A Seer told me in 1987: “You own your own creation – you died!”
What she meant, is, I beheld my conception by my parents, before I went to heaven and saw God.
My parents were playing cards in the sand, naked. I walked up to them as a child of three, looked down at the cards that were all face cards, and they were talking to me in foreign languages. They were my kindred, who were very distressed because they had been silenced in their lifetime. They were Evangelicals (father)and Huguenots (mother) They are buried next to one another in Berlin. Here lies the roses amongst the thorns. I part the veil,
and I behold the Lost Kingdom – and I give a command
“Arise from thy sleep, the true church of God!”
In this video we see the Stuttmeister tomb about 15 seconds into it. This name means ‘Master of the Horse’. Consider the pale horse and rider. Here the Templars and Teutonic Knights have come to rest.
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In Matthew 27:53 we read about Jesus raising Jews from the dead, then saying; “It is done!” He did not say, it is done, and then come the earthquake. These Jewish Saints did not rise on Sunday, but went into Jerusalem Friday night just before sundown. They imparted a restored and new covenant – a Gift for the Chosen Children of God. I believe these Saints were a lineage of Nazarites from Samson and Samuel.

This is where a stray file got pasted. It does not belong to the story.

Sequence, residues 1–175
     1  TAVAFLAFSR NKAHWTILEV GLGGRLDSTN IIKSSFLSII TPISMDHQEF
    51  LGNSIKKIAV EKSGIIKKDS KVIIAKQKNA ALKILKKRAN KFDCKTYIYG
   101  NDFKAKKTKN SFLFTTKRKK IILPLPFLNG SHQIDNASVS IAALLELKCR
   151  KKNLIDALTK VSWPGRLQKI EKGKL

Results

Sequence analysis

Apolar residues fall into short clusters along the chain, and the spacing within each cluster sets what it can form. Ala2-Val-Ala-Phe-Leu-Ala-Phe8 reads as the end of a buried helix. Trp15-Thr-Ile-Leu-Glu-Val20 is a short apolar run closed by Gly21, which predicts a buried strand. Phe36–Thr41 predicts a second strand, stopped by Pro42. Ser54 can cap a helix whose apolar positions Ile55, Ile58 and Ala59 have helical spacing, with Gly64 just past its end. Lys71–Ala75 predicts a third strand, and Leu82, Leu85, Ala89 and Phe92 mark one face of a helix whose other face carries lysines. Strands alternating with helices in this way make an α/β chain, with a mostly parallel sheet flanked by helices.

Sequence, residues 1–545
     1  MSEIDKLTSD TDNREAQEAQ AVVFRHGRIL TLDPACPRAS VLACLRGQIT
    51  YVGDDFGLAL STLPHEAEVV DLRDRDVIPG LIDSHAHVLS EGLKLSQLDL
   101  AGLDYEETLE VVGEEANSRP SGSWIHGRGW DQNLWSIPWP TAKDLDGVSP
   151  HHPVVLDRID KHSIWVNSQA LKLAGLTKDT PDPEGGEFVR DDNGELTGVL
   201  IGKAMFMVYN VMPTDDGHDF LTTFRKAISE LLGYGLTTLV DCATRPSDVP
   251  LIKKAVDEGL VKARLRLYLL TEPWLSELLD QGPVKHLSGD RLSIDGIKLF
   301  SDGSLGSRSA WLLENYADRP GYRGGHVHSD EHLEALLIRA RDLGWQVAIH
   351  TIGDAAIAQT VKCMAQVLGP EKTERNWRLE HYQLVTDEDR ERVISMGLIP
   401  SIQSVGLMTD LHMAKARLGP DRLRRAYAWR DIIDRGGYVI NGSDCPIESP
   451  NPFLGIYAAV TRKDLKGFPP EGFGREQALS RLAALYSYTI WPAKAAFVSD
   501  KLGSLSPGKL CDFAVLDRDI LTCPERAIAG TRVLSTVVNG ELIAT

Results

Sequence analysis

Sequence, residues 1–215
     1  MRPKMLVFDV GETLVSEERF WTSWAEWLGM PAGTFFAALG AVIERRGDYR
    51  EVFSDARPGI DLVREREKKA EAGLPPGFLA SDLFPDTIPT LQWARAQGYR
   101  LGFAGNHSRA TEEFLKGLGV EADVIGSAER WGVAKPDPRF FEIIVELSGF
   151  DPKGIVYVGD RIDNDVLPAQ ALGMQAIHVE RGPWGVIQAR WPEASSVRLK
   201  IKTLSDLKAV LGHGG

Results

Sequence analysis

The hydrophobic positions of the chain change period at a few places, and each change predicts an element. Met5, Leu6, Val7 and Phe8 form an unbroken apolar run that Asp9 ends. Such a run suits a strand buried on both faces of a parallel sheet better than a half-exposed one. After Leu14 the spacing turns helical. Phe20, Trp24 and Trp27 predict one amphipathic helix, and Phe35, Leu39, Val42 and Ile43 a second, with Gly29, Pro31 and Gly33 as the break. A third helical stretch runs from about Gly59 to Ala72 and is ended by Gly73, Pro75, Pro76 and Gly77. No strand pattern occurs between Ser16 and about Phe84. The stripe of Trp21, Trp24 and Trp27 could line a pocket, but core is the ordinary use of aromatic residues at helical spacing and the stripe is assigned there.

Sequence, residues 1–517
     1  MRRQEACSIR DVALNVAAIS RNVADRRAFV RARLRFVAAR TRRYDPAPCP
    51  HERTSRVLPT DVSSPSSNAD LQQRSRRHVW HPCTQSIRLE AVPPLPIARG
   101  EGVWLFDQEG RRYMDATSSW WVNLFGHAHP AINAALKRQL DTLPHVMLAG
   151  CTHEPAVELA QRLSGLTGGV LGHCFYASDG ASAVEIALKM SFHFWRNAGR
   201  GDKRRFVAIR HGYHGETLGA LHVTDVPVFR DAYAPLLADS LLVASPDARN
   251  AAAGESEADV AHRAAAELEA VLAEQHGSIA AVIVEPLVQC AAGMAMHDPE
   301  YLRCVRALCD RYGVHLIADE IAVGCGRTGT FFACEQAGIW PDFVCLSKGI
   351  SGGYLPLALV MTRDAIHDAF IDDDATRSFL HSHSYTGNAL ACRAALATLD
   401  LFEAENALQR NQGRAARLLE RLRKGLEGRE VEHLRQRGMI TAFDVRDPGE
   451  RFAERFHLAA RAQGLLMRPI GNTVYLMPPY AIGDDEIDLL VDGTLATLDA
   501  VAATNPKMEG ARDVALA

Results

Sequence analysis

Gideon was a Judge who God told he had too man fighting men. I am looking for a good few men -and women!
Jon the Nazarite Judge
Matthew 27:50-54 (NIV)
(50) And when Jesus had cried out again in a loud voice, he gave up his spirit.
(51) At that moment the curtain of the temple was torn in two from top to bottom. The earth shook and the rocks split.
(52) The tombs broke open and the bodies of many holy people who had died were raised to life.
(53) They came out of the tombs, and after Jesus’ resurrection they went into the holy city and appeared to many people.
(54) When the centurion and those with him who were guarding Jesus saw the earthquake and all that had happened, they were terrified, and exclaimed, “Surely he was the Son of God!”
The Dorotheenstadt cemetery, officially the “Cemetery of the Dorotheenstadt und Friedrichswerder Parishes”, is a landmarked Protestant burial ground located in the Berlin district of Mitte which dates to the late 18th century. The entrance to the 17,000 m2 plot is at 126 Chaussee Straße (next door to the Brecht House, where Bertolt Brecht and Helene Weigel spent their last years, at 125 Chaussee Straße). It is also directly adjacent to the French cemetery (also known as the cemetery of the Huguenots), established in 1780, and is sometimes confused with it.